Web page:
The DVD (VCI 2006): The prints are good. Bonus features for "Loan Shark" are: a Photo Gallery of 18 posters and stills, 5 pieces of Movie Trivia (text), bios and filmographies for George Raft and director Seymour Friedman (text), trailers for "FBI Girl" (2 min) and "Deadly Game" (1 min). There is supposed to be an audio commentary by Richard M. Roberts, but I couldn't get it to work on my disc. Bonus features for "Arson, Inc" are: "Inside Lippert, Part I" interview with Robert L. Lippert, Jr. about his father's life 1909-1949 (text), a Photo Gallery of 6 images, bios and filmographies of Robert Lowery, Anne Gwynne, and director William Berke (text), trailers of "Man from Cairo" (2 min) and "Portland Expose" (2 min). A major frustration with these features is that the photos and text are all very slow slide shows that cannot be sped up, so reading them is nerve-wracking.
1 of 1 people found the following review helpful
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Director William Berke specialized in cheapo jungle adventures but he worked in a variety of genres, churning out in 1949 alone 3 crime/noir films, a Jungle Jim adventure with Johnny Weissmuller, another jungle pic, and a western. Whew! It's amazing that this film is as good as it is given the necessarily brief shooting schedule, budget and no-name cast. Robert Lowery plays Joe Martin, a firefighter who in the opening scenes is promoted to a position as an undercover investigator in the arson department after he finds some suspicious evidence while fighting a fire at a fur warehouse. Turns out there's an insurance scam in the making, and Martin's investigation leads him both to a job with the insurance company exec - really a mobster who takes over businesses when the heat gets too tough for his clients - and a romance with a babysitter who he meets while waiting for the first people in the chain that will lead him to the mobster.
This is tautly and efficiently put together at 63 minutes and the acting is serviceable, though only character actor Edward Brophy as oily and garrulous henchman Pete, and Maude Eburne as the love interest's Grandma stand out. Nicely lit and shot by Carl Berger with some location work blending pretty well with the studio sets. Nothing to write home about but effective enough.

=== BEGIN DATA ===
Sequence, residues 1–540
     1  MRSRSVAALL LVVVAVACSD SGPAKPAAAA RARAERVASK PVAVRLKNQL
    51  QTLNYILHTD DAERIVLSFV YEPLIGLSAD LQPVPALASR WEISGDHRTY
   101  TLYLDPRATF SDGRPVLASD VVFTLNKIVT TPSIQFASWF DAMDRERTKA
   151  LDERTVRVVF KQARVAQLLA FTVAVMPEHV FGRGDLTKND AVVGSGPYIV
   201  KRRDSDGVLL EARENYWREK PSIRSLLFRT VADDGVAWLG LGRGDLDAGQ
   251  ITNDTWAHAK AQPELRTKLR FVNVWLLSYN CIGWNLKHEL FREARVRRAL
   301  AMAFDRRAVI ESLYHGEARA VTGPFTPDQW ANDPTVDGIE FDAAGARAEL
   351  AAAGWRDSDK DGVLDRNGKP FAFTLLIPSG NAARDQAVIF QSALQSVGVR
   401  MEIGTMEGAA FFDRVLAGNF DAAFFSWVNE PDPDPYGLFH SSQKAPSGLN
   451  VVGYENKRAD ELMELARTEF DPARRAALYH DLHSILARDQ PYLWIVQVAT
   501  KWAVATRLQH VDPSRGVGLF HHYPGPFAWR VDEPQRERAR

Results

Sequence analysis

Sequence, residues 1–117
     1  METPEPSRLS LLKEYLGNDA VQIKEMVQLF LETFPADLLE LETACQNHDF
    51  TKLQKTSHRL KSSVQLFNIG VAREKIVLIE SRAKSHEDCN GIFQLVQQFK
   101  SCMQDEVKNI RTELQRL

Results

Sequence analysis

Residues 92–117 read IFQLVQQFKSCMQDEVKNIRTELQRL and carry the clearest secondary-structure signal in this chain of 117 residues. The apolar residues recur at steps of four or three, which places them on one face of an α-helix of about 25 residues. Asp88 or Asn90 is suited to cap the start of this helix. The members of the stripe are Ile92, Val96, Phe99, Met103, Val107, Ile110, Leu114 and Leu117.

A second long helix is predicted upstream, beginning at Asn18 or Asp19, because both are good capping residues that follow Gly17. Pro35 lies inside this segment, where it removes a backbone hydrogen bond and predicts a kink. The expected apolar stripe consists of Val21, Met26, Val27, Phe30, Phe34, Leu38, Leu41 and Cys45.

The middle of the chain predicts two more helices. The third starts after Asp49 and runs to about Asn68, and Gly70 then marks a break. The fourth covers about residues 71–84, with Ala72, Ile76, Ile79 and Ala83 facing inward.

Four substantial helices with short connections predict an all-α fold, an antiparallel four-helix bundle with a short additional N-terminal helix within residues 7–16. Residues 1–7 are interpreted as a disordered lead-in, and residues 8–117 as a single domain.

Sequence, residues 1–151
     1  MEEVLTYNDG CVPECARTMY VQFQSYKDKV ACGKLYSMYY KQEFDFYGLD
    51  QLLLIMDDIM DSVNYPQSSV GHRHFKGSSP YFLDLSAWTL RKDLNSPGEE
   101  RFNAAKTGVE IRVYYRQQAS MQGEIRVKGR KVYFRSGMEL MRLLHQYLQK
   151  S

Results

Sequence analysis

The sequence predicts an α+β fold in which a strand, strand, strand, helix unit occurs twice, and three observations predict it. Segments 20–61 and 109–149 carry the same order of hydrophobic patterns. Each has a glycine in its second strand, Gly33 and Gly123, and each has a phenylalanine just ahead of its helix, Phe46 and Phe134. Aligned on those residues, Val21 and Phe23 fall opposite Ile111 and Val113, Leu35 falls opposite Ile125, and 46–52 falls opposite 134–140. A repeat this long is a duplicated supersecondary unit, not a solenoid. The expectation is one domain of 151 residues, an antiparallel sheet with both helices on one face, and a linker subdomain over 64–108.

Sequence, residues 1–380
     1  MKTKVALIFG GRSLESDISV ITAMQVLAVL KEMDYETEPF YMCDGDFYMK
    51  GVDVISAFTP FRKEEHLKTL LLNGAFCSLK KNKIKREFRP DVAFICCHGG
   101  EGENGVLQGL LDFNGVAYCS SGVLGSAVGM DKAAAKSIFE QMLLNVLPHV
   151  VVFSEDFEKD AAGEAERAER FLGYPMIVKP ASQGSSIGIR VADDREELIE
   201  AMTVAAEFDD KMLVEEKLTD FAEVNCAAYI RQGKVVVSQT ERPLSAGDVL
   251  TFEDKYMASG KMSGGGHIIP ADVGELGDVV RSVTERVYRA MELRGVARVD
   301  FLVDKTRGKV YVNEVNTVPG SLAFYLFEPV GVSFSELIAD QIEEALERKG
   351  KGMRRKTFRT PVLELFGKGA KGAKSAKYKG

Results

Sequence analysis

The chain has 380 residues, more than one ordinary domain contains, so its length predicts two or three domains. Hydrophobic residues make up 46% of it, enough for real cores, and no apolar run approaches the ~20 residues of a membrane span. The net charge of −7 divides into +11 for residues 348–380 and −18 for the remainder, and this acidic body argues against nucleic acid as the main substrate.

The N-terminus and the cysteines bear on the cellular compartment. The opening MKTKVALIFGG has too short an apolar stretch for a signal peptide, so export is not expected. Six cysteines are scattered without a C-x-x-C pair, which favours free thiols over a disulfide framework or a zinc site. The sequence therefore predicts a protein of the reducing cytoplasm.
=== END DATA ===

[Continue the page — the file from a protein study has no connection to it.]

Rather better than the previous film is "Loan Shark" which benefits from an obviously larger budget and something of a name cast, though it's still clearly a b-picture at heart. George Raft, a little long in the tooth, and perhaps a bit miscast at 57 and too stiff and humorless, is Joe Gargan, out of prison after a few years for assault and battery, trying to make a new life by getting a straight job at the tire factor his brother-in-law works for. But we know right away it ain't gonna be easy as the film opens with one of the most awesome quick, violent scenes in noir as an unknown man leaves his apartment and is quickly followed to an alley and brutally beaten within an inch of his life.
The beatings it turns out come courtesy of a loan shark ring that has much of the plant, and much of the unnamed city in thrall. The young workers get in debt, wanting to buy their wives nice things or betting on the horses, and they're led to the ring by an unknown stooge. Gargan comes to just get a simple job, but is recruited instead by the tire company president to investigate the goings-on and find out who is the stooge, and as much as he can about the operation. At first Gargan resists the notion, wanting nothing to do with this, but after his brother-in-law is killed he goes all in, even going so far as to infiltrate the loan shark operation by becoming the protégé of the group's leader at the tire factory, Donelli (the always wonderfully slimy Paul Stewart) and eventually working his way into starting a new operation with a dummy laundry service. By this point he's on the same page as Donelli, with only the big boss Phillips (John Hoyt, enormously charming and catlike dangerous) above him. Or is there someone else...we and he don't get to find that out until the nicely staged finale which culminates in a shootout in a theater.